The most frequent question I get via email from readers of this blog runs something like this: “I found _____ (wine name, vintage, quantity) in my ______ (Great-Aunt’s/grandmother’s/own) ____ (basement/attic/garage). How much is it worth?/Where can I sell it?/Is it drinking OK?”
I told this to a friend the other day and he said, “But are there any good names there? It might be worth a chance.” Then we devised a business idea for Caveat Emptor Wine Co., specializing in wines of unknown provenance. “The wines weren’t ours, but the risk is yours” could be the tag line. Needless to say, we have not contacted an an attorney to start the corporate filing yet.
But some other notable collectors have contacted their attorneys. And they’re not looking to start an LLC. They’re looking to stop fraud in wine auctions and have the wine’s seller or a broker accept responsibility. Needless to say, the main auction houses do a better job at assessing provenance than Caveat Emptor Wine Co. But how much they should stand behind their lots (and cases of wines sold through fine wine stores) is a question that is now getting a public airing before a grand jury in New York City.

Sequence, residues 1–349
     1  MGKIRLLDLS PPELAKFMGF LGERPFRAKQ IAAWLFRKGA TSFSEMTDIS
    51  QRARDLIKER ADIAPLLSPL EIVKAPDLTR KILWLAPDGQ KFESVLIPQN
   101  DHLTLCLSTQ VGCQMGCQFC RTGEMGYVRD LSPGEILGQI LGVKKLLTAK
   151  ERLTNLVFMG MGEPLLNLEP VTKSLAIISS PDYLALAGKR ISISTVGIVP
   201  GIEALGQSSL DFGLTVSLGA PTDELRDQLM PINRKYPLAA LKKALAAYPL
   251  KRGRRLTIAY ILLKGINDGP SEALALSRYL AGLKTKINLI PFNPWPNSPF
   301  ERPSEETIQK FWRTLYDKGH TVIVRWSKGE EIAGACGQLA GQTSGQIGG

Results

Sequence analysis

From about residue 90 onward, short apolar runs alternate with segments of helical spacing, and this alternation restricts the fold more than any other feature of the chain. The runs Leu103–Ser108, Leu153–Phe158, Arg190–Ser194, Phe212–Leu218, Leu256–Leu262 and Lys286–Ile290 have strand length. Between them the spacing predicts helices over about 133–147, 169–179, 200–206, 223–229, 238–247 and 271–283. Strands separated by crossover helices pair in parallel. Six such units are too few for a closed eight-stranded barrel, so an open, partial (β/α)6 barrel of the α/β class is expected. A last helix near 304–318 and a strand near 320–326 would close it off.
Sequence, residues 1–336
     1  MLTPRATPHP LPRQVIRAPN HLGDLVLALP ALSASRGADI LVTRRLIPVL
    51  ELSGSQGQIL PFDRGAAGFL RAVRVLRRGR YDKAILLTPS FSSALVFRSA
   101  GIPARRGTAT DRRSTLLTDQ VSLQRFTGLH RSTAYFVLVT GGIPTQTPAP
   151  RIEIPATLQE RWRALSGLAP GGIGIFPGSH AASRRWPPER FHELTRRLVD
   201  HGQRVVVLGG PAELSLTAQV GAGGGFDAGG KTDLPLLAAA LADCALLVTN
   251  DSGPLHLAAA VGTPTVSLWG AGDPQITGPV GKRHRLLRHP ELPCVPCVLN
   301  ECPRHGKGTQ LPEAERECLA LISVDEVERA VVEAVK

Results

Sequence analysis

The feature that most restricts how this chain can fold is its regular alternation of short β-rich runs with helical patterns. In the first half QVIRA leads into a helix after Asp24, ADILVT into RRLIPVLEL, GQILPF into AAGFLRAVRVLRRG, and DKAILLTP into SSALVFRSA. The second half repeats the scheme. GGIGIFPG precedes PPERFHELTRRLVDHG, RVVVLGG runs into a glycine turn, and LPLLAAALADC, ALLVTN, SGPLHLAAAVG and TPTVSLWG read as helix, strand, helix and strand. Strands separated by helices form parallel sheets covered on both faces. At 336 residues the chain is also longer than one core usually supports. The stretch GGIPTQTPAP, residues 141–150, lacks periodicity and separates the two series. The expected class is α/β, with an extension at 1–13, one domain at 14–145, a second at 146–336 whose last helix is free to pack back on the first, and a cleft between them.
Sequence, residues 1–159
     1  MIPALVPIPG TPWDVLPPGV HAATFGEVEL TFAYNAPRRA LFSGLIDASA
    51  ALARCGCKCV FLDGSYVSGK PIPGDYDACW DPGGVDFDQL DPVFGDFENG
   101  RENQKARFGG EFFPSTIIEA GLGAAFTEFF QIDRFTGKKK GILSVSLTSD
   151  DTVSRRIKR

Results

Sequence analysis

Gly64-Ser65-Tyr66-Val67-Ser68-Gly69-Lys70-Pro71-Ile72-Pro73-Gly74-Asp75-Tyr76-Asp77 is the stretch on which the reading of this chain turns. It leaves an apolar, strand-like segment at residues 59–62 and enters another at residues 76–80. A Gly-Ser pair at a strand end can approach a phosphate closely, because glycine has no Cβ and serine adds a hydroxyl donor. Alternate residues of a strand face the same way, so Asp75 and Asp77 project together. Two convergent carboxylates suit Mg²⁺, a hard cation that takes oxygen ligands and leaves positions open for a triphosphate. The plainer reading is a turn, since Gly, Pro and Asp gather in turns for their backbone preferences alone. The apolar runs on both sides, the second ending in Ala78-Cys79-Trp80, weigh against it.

The Wall Street Journal reports on page one that federal prosecutors have issued subpoenas to Christie’s, Zachys and some rare wine collectors in a probe into wine fraud at auction. In what might cool off the red-hot secondary market for fine wine sales, successful businessmen and wine collectors Russell Frye and William Koch are also taking action. Roll the tape:
Mr. Koch filed a civil suit last year in federal court in New York, alleging that a German wine merchant, Hardy Rodenstock, forged bottles of wine he claimed had belonged to Thomas Jefferson and had been discovered in a bricked-up cellar in Paris. Mr. Rodenstock also claimed to have other extremely rare wines, including a cache belonging to Czar Nicholas II of Russia, Mr. Koch alleged. Those allegations were detailed in September in a page-one story in The Wall Street Journal. In a Jan. 19 court motion, an attorney for Mr. Rodenstock denied the claims and deflected responsibility to the merchants who sold them directly to Mr. Koch.
“It’s not just Rodenstock,” Mr. Frye continued in the WSJ article. “Counterfeiting is a big problem, especially in the high end. These networks need to be exposed,” and merchants must be accountable, he said.
But fraud is just one problem, estimated at five percent in the WSJ story. So add to that, say, five percent corked, x percent improperly stored, y percent drunk too late–and small wonder the excellent old wines are just so…excellent!